The following scholars (H. Brinkhaus, S. Jansari and R. Ricot) dealt with the central problem of sources and “autopsia” in the Classical authors who dealt with India. All of them attempted to answer the methodological old-aged question whether Classical historians, geographers and literates did really see what they described in their works (about India but generally about any other region), or quoted previous authors who had produced descriptions of the same area, or even inserted common and widespread literary and ideological motifs in their reports. Once that autopsia is admitted, always or only in some specific instances, the question moves to the problem of what did they actually see in the lands they described, and further to the problems of the literary and ideological patterns through which they shaped their descriptions. In sum, they dealt with the old-aged, central problem of sources and methods.
H. Brinkhaus’ paper addressed the old and much vexed question of the possibility that the Arthasastra, usually attributed to Kautilya, may have been a source for Megasthenes. He presented and critically commented the recent progresses of the literary studies about the Arthasastra, and stressed that today it is commonly acknowledged that the Arthasastra was subject to a long literary evolution, to many and successive reworkings and comments, so that its current version must be taken as a deep modification of its supposed original status. Today, the authorship by Kautilya is denied, being considered a later, ideal attribution. Further, today it is acknowledged that Arthasastra is not a description or a comment of contemporary events; rather, it is considered a retroprojection of a late ideal historical and political situation in which the castal system and the Brahmanism are attributed prestige and social power. Thus, today the majority of scholars think that Arthasastra was not a text originally written for Candragupta, but for an a-historical, immanent “ideal king”: it was aimed at offering him an exemplary model of reign in which the correct moral and religious values are exemplified. Brinkhaus concluded that Megasthenes did not have and use contemporary Indian sources (like the Arthasastra) dealing with the Indian royalty. Accordingly, a question arises spontaneously: if any possible original Indian literary influence on Megasthenes is excluded, the value of his elsewhere much discussed autopsia is automatically strengthened. Thus, this paper takes back to that main questions: was Megasthenes ever in India? Did he see what he described in his Indikà?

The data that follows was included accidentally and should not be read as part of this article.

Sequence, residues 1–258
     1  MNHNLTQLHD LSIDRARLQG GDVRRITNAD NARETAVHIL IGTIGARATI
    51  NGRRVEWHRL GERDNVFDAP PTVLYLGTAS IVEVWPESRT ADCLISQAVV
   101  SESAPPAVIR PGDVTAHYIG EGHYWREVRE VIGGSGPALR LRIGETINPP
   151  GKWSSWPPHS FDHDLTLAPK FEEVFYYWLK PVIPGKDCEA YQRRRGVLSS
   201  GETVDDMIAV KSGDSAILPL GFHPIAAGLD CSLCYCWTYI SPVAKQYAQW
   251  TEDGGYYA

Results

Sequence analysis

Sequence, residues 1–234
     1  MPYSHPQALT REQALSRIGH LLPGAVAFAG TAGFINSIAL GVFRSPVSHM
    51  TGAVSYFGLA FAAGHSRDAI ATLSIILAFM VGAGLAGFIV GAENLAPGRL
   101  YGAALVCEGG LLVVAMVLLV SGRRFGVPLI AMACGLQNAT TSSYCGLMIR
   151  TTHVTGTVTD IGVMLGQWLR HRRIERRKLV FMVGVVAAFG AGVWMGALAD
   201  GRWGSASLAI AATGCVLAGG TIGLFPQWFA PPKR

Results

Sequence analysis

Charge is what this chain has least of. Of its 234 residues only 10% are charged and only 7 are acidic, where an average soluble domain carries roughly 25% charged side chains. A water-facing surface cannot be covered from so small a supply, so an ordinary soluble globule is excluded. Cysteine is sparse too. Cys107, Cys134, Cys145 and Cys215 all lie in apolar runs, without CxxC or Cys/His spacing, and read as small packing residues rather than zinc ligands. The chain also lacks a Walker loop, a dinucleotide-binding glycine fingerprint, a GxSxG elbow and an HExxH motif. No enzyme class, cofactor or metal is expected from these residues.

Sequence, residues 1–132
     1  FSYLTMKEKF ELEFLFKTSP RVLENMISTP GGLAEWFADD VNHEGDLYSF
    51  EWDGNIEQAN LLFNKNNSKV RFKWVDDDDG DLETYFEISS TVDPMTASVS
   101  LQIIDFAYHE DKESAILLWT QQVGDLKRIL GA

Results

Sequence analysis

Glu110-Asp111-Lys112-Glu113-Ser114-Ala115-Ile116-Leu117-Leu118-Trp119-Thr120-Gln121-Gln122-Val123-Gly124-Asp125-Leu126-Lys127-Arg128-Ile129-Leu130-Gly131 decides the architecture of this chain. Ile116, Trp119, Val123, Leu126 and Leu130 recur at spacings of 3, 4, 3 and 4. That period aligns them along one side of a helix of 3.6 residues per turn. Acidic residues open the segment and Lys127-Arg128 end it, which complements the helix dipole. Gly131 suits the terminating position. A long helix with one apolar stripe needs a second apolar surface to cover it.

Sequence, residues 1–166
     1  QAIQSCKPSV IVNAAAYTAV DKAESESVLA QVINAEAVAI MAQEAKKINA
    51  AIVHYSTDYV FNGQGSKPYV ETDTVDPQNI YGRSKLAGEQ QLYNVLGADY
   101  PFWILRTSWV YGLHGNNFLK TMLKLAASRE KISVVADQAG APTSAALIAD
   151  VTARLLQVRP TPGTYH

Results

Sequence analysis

S. Jansari, R. Ricot
In their joint paper, S. Jansari and R. Ricot, dealing with the same basic question “do Megasthenes’ descriptions reflect (contemporary) reality?”, critically examined a specific instance as an experiment to reach general conclusions in this matter. They considered one of the many Fabelvölker described by Megasthenes (and famous in the later literary tradition): the Astomoi, who were told to be humans without a mouth. Studying in detail Megasthenes’ description and especially his social and religious comments, they considered the possibility that the Astomoi may have represented the Jainists. They commented accurately the alimentary customs and diet of the Astomoi’s as described by Megasthenes, and considered attentively the chronological problem, concluding that Megasthenes’ descriptions may well fit the Jainists. The final result of their paper is similar to that suggested by Brinkhaus: Megasthenes was a good autoptes, and most probably used good Indian contemporary sources in describing contemporary religious phenomena.
The following scholars (D. Potts, B. Jacobs) dealt with archaeology and art, in the attempt to establish whether, how and how much India of Asoka, Çandragupta and of their few successors was connected to the Achaemenid and Seleucidic West studying the architectural remains and the material artefacts excavated in India and in the Western regions including Mesopotamia and Egypt. Both scholars dealt at large with the methodological problem of the transmission abroad and of the internal acceptance of cultural elements, in the background of the much debated and vexed problem of the definition, degree and quality of “cultural influence”.
D. Potts convincingly illustrated the most ancient background of the relations in the commercial network which connected Mesopotamia with India through the Persian Gulf at least from the third millennium BC. He showed that various artefacts excavated in various archaeological contexts in all three regions clearly show their provenance from one of the three foreign lands, and illustrated also some ancient texts containing terms indicating foreign materials. He also illustrated two specific findings of materials and elements which cannot have originated elsewhere than Central Eastern Africa and Indonesia, and suggested that the network and the related long-range trade might have extended even further West and East. Commenting upon the technical framework in which the trade network functioned and expanded, he convincingly demonstrated that the seafaring abilities were very advanced since the late third millennium BC, and that a direct sea-route connecting Oman to India was activated at least since the second millennium BC. Thus, Potts supplies convincing evidence for a continuous stream of commercial exchanges between Africa, Mesopotamia, Arabia, Iran and India. Upon his premises, it must be definitely acknowledged that the empires of the Achaemenids, of Alexander and of the Seleucids simply superimposed upon this large pre-existing network, and used and enhanced it for establishing and keeping contacts between the most different and far regions. Moving to the information given by the ancient authors about foreign lands and especially by the Classical authors about the Western connections with India, he clearly showed how modestly they knew, and relied on the basic knowledge evidently possessed by those who sailed and moved in that network: accordingly, he concluded that in ancient times academy was very far from reality, notwithstanding the insisted academic claim for autopsies by the major and minor Classical historians, Megasthenes included.